Staying Active by Thinking Green

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There are over 400 national parks in the United States that help preserve historic buildings and landscapes while creating recreation activities close to home. Volunteering at a national park can be rewarding both mentally and physically. Volunteers help maintain over 1,000 trails and historic landmarks including places like Pearl Harbor and the Martin Luther King Birthplace.

The June issue of AICR’s eNews shows volunteering at a park is a great way to get involved with your local history and to add physical activity to your schedule. AICR recommends 30 minutes of moderate daily activity to prevent cancer and it’s important to find an activity that you enjoy so you’ll stick with it.

There are other ways to volunteer outside if helping out at a national park isn’t for you. The recent oil spill in the Gulf coast region has produced a need for volunteers to help clean up the affected area and report the environmental impacts caused by the spill. National parks have been affected by this as well as other organizations helping to clean up the Gulf Bay. Some of these organizations you can volunteer at are the National Wildlife Federation and the Audubon Society. Their websites will contain more information on how to help.

Cancer Patients and Survivors: Just Move!

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Yesterday, Mya posted about research exploring how physical activity plays a role in helping cancer survivors feel better.

Based on that growing body of research, the American College of Sports Medicine released the first ever guidelines for physical activity and cancer survivors yesterday at their annual meeting in Baltimore.  AICR is exhibiting at the conference, so I was able to catch the presentation on this topic.

The Number One Recommendation:  Cancer patients and survivors should engage in physical activity.   Basically, as much as possible follow the 2008 federal Physical Activity Guidelines for Americans:  at least 150 minutes per week of moderate intensity aerobic activity and 2 times per week resistance training.

The risk of not being active greatly outweighs risk that might occur from engaging in activity according to the panel that developed the guidelines.  The research showed improved quality of life, fitness, flexibility and greater physical functioning in patients and survivors who engaged in physical activity.

For trainers and  fitness professionals there are specific recommendations regarding doing individual assessments and tailoring programs for specific diagnoses.

But the strong message was to find a way to be active.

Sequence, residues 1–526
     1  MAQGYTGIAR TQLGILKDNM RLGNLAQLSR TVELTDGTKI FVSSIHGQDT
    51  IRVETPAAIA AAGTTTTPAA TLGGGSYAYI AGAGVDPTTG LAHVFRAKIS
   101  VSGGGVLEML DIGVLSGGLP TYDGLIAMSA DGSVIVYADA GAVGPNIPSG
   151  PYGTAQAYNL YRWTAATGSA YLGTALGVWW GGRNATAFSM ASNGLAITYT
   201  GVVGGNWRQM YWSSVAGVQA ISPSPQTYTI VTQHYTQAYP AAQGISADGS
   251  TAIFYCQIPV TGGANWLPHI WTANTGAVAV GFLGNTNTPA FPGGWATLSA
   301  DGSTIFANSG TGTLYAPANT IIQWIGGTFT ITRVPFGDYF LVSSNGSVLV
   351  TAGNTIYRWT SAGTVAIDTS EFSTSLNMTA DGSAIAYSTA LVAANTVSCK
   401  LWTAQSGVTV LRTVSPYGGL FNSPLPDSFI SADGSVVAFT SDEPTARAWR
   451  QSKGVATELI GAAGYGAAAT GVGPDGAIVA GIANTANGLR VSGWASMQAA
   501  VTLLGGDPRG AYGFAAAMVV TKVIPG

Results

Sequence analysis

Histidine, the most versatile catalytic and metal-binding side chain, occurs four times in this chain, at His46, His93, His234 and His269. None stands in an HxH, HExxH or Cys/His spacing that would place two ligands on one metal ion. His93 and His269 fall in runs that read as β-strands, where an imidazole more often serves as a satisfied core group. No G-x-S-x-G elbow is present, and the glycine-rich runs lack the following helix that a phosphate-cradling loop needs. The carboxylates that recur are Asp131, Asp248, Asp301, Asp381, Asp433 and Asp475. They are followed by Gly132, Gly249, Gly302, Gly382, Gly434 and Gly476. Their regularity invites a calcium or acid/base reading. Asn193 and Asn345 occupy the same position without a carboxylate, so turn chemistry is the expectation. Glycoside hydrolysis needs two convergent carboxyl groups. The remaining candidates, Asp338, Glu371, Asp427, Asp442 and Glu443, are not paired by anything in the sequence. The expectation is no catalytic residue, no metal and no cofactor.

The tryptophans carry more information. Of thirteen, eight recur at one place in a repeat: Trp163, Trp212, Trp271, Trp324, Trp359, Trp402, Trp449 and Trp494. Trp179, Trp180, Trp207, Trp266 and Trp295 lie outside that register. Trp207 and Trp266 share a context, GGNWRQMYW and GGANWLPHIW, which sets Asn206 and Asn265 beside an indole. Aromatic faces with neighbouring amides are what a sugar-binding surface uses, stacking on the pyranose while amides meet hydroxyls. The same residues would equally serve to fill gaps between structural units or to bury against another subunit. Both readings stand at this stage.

Read more about the guidelines here.

Check out AICR’s information on exercise for cancer survivors with tips on getting started and keeping it going.

Obesity and Inactivity: The Evolutionary Perspective

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AICR’s expert report concluded that carrying excess body fat is a convincing cause of six different cancers (colorectal, postmenopausal breast, esophageal, endometrial, kidney and pancreatic) and a probable cause of gallbladder cancer as well.  That means that in the US alone, obesity is responsible for over 100,000 cancer cases every year.

And as obesity figures continue to rise, that number is likely to grow even larger.

How did we get here?

Last week, at the 3rd International Congress on Physical Activity and Public Health, many researchers presented data tracking recent trends in the amount of leisure-time physical activity we’re getting, nowadays. But one of the keynote speakers, Dr. William Leonard of Northwestern University, presented an intriguing talk that took the long view.

The very long view.

Like, hundreds of thousands of years long.

Dr. Leonard is an  anthropologist, you see.  He talked about how humans evolved, specifically how how changes in our diet and activity level changed our body type.

Basically, said Dr. Leonard, as our brains got bigger, they placed larger demands on our metabolism, and our diets became more nutrient- and calorie-dense to support them.

Leonard proposed that the recent and much-talked about uptick in the calorie-density of our foods over the past few decades (higher fat content, larger portion sizes) is simply an extension of what’s been happening to us, on an evolutionary scale, for millions of years.  But the difference is key: dietary changes that used to to take thousands and thousands of years to occur have happened within a single lifetime.

Even so, he suggested that we might be missing the real story by focusing so much on the increase in calories in our diets.  In fact, he notes, while calorie content of the diet in the developed world has increased since the fifties, that increase leveled off in the 80s.  Yet obesity rates continued, and continue, to rise.

To explain this, he suggests that it’s decreased calorie expenditure that plays a larger role in obesity than caloric intake.

Throughout our evolution, our caloric intake increased to match greater and greater needs we placed upon our bodies – hunting calorie-dense animals is more demanding than gathering low-calorie-dense crops. But this eon-old trend toward increased calorie-burning is now experiencing a dramatic reversal: Our jobs have become much more sedentary since the 80s and the advent of the computer.

Our bodies have evolved over millions of years to actively and effectively meet our caloric needs from the environment. But now we’re suddenly accelerating the trend toward more calories – and by changing the physical environment to make things easier, we’re reversing the evolutionary trend toward burning more calories.

The net effect: we’re upsetting an equilibrium our species has managed to maintain for thousands and thousands of years.